I don’t know much about electronic music but I know what I like. EPROM is from Portland, Oregon and a rising star in the American scene. You may know him from his work with Alix Perez, working together as Shades. Drone Warfare was released on Perez’ own label, 1985.
This is EPROM’s third EP of 2017, following on from ‘Pineapple’, and the ‘Acid Disk’ collaboration with G Jones. His prodigious output is all the more impressive when you know that he has pledged his Bandcamp profits from 2017 to Planned Parenthood in resistance to President Trump’s clampdown on abortion and family planning.
His music might lazily be referred to as EDM, but this isn't dancing music unless you dance like a malfunctioning android. This work lies somewhere between the glitchy experimentalism of Aphex Twin and the homebrewed squelches of Deadmaus. In the absence of vocal hooks, there’s a vibe redolent of the former’s Selected Ambient Works collection but, with a modern approach to producing that brings the Canadian with the oversized rodent helmet to mind. It’s closer in spirit to Nightmares On Wax than to Daft Punk.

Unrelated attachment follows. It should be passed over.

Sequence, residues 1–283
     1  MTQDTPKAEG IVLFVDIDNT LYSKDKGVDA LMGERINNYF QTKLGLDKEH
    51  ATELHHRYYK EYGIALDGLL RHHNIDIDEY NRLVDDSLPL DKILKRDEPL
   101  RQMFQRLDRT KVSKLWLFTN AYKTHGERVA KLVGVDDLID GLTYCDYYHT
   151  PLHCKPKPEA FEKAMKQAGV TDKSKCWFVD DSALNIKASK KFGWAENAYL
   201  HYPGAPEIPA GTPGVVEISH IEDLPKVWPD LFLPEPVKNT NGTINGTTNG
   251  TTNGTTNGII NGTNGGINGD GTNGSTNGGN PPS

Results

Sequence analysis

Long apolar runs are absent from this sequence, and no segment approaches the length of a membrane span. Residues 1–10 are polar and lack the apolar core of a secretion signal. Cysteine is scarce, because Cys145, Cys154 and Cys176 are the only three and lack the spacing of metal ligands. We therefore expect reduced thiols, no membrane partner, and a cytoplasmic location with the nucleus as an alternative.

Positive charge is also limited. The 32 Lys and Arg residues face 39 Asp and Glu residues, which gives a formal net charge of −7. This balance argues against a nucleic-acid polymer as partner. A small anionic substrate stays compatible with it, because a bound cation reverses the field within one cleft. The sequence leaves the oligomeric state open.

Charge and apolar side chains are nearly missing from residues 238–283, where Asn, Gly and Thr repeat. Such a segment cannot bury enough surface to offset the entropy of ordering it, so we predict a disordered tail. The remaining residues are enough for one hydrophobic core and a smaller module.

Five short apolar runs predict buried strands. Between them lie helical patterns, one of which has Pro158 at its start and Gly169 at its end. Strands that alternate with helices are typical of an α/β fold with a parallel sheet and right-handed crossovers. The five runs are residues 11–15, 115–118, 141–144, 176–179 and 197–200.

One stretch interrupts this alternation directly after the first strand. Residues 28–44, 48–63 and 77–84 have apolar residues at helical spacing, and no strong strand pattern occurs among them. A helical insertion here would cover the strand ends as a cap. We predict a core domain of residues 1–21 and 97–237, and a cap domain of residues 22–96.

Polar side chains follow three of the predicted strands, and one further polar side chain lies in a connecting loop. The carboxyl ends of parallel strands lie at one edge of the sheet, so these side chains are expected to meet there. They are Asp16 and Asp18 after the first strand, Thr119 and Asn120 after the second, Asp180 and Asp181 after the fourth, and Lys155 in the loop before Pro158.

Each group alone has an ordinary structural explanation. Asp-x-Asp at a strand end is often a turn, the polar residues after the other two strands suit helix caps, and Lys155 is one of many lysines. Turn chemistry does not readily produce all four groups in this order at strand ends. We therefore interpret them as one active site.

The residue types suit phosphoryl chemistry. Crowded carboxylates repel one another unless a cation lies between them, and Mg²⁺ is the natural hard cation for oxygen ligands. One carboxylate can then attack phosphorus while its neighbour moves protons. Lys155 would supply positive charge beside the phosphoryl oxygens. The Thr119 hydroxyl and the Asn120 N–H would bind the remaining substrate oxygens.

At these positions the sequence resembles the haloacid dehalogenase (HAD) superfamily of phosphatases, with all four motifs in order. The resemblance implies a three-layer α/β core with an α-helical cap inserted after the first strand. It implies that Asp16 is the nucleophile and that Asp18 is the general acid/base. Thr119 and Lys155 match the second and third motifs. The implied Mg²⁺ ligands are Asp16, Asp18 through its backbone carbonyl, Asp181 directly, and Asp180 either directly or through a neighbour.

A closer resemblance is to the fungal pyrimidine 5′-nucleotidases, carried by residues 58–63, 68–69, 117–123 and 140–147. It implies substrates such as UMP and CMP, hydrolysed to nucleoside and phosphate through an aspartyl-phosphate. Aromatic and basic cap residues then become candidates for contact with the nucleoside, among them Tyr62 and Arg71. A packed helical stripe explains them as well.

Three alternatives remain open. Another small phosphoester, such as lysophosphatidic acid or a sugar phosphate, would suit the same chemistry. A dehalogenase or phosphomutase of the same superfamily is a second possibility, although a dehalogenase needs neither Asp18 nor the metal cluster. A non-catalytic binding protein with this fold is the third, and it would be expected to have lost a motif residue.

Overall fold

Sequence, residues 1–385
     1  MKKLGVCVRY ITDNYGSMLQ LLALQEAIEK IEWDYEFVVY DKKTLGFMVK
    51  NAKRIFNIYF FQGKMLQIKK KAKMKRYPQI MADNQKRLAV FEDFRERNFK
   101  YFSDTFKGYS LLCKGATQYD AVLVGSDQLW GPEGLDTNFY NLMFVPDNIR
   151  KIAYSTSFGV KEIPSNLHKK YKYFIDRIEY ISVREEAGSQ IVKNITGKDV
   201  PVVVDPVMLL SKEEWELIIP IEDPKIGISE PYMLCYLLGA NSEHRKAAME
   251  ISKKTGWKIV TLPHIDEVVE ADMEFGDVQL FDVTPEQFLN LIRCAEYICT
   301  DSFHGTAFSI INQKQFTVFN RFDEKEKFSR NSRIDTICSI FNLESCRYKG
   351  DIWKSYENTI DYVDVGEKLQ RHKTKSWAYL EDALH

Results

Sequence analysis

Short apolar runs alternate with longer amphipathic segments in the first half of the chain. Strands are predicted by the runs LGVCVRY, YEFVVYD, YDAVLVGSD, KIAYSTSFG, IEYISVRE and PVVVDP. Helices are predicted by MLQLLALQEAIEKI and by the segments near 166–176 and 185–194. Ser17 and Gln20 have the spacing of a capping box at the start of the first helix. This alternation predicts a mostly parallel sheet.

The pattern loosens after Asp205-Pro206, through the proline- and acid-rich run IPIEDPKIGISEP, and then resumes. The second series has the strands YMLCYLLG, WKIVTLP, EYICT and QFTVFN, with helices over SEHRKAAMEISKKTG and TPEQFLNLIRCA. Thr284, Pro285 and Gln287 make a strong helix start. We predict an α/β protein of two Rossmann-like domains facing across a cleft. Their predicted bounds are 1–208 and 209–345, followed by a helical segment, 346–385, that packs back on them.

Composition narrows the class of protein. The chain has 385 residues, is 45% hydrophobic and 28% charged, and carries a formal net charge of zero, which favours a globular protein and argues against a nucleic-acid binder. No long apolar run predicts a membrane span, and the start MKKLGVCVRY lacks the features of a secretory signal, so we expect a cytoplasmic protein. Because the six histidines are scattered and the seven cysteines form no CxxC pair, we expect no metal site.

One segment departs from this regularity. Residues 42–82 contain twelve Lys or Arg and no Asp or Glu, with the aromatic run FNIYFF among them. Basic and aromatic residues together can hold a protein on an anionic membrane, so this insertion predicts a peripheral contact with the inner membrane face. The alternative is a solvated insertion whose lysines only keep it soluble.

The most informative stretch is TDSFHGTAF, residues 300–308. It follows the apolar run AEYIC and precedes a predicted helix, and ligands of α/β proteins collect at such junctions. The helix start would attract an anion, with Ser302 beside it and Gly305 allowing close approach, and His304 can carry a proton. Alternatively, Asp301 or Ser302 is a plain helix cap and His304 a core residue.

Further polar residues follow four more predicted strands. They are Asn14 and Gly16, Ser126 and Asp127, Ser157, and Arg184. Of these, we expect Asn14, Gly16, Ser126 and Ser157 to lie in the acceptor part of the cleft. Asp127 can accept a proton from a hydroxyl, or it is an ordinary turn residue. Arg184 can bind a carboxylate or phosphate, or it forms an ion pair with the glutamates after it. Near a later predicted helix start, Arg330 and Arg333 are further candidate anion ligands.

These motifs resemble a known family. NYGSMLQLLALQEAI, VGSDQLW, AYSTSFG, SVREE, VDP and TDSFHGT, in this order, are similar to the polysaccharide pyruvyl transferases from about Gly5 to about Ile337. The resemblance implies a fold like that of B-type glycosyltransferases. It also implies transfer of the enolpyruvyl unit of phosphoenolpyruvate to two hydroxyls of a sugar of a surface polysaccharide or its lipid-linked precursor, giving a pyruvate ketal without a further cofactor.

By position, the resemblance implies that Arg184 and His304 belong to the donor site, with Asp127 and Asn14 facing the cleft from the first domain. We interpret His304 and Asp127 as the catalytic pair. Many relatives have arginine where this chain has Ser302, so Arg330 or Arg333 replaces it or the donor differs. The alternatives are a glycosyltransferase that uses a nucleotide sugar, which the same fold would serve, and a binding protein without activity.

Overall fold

‘Oksana’ has a slippery, skittering bass amid atmospheric, eastern vocalisations. The title track builds the anticipation with distorted, harmonising synths building to some head-melting lead lines. It’s the type of track that would get you dirty looks and probably kicked off the decks at a house party. It is a glorious testament to the evolution of electronic music that, within a generation of hitting the mainstream, the genre can spawn acts as divergent as EPROM and, say, Avicii.
Drone Warfare sounds like the type of music that robots would grind to in a dystopian underground club, in a world where humans have oppressed robo-culture, and this is their only release from the relentless toil. The uprising starts tonight. Death to humans!
I guess what I’m saying is: yeah, it’s damn good.